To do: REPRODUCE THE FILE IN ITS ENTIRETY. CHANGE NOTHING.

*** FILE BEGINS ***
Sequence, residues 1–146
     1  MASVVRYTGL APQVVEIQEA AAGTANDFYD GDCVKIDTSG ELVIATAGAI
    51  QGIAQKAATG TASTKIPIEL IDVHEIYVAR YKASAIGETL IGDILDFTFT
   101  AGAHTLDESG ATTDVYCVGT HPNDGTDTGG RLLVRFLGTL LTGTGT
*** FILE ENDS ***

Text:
Sequence, residues 1–146
     1  MASVVRYTGL APQVVEIQEA AAGTANDFYD GDCVKIDTSG ELVIATAGAI
    51  QGIAQKAATG TASTKIPIEL IDVHEIYVAR YKASAIGETL IGDILDFTFT
   101  AGAHTLDESG ATTDVYCVGT HPNDGTDTGG RLLVRFLGTL LTGTGT